“Personally, I've received numerous reports from family members of my patients, close friends to my patients, that within hours to two days of receiving the vaccine, they've suffered from stroke, heart attack, pulmonary embolism, blood clots, sudden death,” said Dr. Ben Edwards, a Texas doctor who practices integrative medicine and runs a dietary supplement subscription company, at the hearing.
Hall’s office did not respond to requests for comment or to a list of emailed questions.
Edwards, Hall and others appearing before the committee cited what appeared to be a startling statistic: More than 4,000 people across the nation have died after receiving the injection. It’s a real number that comes from the Vaccine Adverse Event Reporting System, a federal database run by the Centers for Disease Control and Prevention and the Food and Drug Administration.
But unlike most government data, which undergoes strict quality checks before it’s released to the public, anyone can self-report adverse health effects to VAERS and the information is not verified before it appears in the database. The federal government warns users that reports alone cannot be used to determine whether a vaccine caused or contributed to health complications or death. More than 150 million people in the U.S. have received at least one dose of the vaccine. With such widespread use, it’s expected that some would die for unrelated reasons after taking the vaccine. Four thousand deaths would represent less than 0.003% of people who have received at least one dose.
Nonetheless, prominent personalities such as Fox News host Tucker Carlson and U.S. Senator Ron Johnson, R-Wisconsin, have joined anti-vaccine groups in recent weeks in using the government data to raise unfounded concerns about the shots.
Hall also pressed witnesses on another debunked claim: Manufacturers Pfizer and Moderna skipped animal trials because the animals died after receiving the vaccine. The FDA required drug makers to test their products on animals and both Pfizer and Moderna publicly announced their results, though they received approval to simultaneously conduct animal trials and the first phase of human trials.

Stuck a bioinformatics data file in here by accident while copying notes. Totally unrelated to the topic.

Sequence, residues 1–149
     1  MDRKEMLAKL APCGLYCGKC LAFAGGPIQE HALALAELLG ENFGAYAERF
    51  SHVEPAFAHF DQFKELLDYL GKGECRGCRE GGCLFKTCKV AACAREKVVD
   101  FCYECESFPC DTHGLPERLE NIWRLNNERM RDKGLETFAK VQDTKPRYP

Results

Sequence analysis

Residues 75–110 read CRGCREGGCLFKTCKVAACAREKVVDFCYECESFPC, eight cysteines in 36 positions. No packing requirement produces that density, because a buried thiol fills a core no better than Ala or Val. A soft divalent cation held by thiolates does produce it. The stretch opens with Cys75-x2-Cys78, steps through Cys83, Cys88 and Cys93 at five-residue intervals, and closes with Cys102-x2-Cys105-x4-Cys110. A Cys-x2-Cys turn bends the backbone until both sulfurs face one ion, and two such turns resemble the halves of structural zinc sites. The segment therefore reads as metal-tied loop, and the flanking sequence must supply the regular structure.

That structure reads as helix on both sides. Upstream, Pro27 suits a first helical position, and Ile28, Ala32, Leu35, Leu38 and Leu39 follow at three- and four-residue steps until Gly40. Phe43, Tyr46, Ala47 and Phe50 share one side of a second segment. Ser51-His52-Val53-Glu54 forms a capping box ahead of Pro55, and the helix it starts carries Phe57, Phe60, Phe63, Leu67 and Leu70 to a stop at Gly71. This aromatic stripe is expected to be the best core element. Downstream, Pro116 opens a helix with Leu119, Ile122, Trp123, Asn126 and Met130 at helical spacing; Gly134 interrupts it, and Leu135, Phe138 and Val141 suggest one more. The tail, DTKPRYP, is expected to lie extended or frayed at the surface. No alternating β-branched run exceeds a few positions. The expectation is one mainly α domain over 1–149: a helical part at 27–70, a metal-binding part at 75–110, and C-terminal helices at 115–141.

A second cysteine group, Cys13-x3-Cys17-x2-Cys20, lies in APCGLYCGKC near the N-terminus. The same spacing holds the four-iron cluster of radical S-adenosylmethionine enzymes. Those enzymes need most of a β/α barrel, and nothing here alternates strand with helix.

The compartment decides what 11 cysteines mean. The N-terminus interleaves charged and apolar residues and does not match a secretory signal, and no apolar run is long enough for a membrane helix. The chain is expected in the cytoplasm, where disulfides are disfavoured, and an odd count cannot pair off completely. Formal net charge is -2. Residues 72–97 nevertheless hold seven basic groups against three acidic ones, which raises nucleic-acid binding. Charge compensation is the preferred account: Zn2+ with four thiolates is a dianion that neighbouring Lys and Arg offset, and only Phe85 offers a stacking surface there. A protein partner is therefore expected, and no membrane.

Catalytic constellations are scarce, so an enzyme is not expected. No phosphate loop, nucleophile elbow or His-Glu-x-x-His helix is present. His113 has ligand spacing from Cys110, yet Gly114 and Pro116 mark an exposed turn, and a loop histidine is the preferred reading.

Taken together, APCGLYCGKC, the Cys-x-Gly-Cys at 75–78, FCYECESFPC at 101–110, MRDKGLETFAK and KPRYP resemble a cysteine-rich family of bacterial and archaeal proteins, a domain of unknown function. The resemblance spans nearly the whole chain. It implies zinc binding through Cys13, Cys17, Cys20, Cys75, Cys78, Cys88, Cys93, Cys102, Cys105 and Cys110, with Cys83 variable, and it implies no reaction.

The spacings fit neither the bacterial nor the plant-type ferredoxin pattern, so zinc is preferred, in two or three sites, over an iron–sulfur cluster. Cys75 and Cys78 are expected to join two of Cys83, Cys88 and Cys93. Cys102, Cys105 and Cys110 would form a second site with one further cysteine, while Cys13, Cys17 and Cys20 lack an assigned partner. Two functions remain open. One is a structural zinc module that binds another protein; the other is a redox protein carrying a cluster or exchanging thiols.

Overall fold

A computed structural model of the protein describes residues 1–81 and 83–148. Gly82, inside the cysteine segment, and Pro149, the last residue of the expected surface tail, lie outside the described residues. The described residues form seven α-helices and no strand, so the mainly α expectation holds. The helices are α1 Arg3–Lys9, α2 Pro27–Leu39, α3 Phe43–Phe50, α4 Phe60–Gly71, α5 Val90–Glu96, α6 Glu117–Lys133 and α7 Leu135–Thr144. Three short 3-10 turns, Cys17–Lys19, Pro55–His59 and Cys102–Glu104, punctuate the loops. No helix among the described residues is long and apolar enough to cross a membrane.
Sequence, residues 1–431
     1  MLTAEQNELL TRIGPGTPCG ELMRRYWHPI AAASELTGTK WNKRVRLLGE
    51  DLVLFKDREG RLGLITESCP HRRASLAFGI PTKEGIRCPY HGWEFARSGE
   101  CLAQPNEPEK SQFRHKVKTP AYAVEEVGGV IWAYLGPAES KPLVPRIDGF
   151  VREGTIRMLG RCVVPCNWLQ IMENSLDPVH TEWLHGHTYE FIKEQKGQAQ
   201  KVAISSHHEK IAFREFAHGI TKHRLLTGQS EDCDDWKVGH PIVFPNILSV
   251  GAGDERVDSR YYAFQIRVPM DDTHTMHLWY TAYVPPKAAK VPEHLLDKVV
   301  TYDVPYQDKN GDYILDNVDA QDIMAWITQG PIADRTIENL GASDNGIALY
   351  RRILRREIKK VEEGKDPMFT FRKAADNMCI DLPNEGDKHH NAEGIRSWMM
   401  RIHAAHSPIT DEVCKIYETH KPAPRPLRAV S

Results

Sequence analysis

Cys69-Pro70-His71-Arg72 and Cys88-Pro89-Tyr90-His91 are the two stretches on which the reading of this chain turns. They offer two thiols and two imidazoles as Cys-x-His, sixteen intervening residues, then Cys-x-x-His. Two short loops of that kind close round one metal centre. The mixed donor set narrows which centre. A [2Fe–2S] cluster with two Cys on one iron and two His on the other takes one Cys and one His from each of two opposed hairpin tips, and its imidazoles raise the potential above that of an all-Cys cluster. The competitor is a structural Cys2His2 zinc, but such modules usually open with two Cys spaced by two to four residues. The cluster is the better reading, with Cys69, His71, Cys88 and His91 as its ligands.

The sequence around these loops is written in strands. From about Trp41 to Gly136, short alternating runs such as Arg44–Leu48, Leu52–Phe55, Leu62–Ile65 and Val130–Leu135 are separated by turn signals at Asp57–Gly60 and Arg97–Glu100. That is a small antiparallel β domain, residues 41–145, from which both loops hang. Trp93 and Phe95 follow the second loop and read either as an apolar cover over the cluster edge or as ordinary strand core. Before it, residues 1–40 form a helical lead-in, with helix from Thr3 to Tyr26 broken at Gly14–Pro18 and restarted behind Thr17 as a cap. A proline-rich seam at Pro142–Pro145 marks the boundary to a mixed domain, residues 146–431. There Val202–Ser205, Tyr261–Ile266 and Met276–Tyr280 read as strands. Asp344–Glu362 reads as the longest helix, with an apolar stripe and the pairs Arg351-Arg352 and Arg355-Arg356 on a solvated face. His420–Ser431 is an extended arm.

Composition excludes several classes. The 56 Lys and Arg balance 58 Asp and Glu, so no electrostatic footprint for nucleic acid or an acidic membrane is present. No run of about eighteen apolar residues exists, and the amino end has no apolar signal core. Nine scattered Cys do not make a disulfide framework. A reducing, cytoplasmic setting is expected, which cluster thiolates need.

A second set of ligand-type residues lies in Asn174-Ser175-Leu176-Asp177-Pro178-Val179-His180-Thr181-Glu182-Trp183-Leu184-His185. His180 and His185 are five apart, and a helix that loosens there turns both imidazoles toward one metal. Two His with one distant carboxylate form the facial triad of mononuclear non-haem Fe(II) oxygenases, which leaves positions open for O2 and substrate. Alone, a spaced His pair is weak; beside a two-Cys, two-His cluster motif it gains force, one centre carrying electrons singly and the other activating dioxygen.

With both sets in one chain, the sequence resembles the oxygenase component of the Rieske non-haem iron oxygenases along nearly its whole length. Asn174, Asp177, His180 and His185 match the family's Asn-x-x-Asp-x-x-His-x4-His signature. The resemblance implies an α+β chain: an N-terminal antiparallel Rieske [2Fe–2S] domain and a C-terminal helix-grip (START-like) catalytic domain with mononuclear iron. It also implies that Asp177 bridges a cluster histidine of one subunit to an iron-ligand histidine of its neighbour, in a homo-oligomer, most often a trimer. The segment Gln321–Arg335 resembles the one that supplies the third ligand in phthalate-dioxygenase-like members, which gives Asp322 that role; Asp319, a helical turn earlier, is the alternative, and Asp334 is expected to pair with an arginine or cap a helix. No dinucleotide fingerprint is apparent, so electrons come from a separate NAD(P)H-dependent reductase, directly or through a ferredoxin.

“I think that's important to understand there that what we're talking about is the American people are now the guinea pigs,” Hall falsely said. “This is the test program that’s going on.”
Yet while Hall calls a vaccine that’s been authorized by federal health authorities experimental, he previously promoted a controversial treatment even after its use was suspended because it offered no significant benefits and could lead to serious health complications.
In August, Hall organized a town hall to combat “misinformation” about the anti-malarial drug hydroxychloroquine, an unproven COVID-19 treatment touted by former President Donald Trump. The drug was authorized in April 2020 for use under the same emergency procedure as the COVID-19 vaccines. But the FDA in July 2020 yanked its authorization after a large clinical trial found hydroxychloroquine had “no benefit for decreasing the likelihood of death or speeding recovery” and could lead to dangerous health complications, such as heart problems, blood disorders and kidney failure.
Among the medical personnel invited by Hall were a dentist from Tyler and Stella Immanuel, a Cameroonian doctor who rose to popularity after Trump shared a video in which she praised the benefits of hydroxychloroquine and questioned the efficacy of masks. Immanuel has also alleged that alien DNA is used in medical treatments and that certain gynecological problems are caused by people having sex in their dreams with witches and aliens.
The government’s job “is to protect the liberty and lives of people,” Hall said at the time.
“We are trampling their liberties and we are not protecting their lives, because had we [have] been using hydroxychloroquine and some of the other drugs available … like we were in the beginning, we would not have the deaths in Texas that we have,” he added, without evidence.
Disclosure: University of Texas at Austin has been a financial supporters of The Texas Tribune, a nonprofit, nonpartisan news organization that is funded in part by donations from members, foundations and corporate sponsors. Financial supporters play no role in the Tribune's journalism. Find a complete list of them here.